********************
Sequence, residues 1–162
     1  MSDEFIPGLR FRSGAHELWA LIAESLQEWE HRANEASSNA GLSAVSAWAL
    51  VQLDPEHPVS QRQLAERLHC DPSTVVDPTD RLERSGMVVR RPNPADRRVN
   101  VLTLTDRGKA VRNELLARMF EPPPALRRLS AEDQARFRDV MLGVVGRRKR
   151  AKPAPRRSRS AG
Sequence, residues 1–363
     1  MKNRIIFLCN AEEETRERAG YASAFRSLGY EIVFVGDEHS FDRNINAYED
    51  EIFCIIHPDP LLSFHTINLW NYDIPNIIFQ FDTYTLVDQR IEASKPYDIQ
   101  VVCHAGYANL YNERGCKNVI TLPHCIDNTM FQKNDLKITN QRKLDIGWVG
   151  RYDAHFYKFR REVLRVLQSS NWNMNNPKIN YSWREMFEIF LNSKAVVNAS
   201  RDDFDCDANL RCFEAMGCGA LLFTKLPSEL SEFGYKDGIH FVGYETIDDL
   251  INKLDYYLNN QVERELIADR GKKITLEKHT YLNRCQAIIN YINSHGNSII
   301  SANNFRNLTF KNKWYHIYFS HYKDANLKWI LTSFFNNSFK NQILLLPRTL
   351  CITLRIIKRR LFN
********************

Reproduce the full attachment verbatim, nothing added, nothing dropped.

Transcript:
Sequence, residues 1–162
     1  MSDEFIPGLR FRSGAHELWA LIAESLQEWE HRANEASSNA GLSAVSAWAL
    51  VQLDPEHPVS QRQLAERLHC DPSTVVDPTD RLERSGMVVR RPNPADRRVN
   101  VLTLTDRGKA VRNELLARMF EPPPALRRLS AEDQARFRDV MLGVVGRRKR
   151  AKPAPRRSRS AG
Sequence, residues 1–363
     1  MKNRIIFLCN AEEETRERAG YASAFRSLGY EIVFVGDEHS FDRNINAYED
    51  EIFCIIHPDP LLSFHTINLW NYDIPNIIFQ FDTYTLVDQR IEASKPYDIQ
   101  VVCHAGYANL YNERGCKNVI TLPHCIDNTM FQKNDLKITN QRKLDIGWVG
   151  RYDAHFYKFR REVLRVLQSS NWNMNNPKIN YSWREMFEIF LNSKAVVNAS
   201  RDDFDCDANL RCFEAMGCGA LLFTKLPSEL SEFGYKDGIH FVGYETIDDL
   251  INKLDYYLNN QVERELIADR GKKITLEKHT YLNRCQAIIN YINSHGNSII
   301  SANNFRNLTF KNKWYHIYFS HYKDANLKWI LTSFFNNSFK NQILLLPRTL
   351  CITLRIIKRR LFN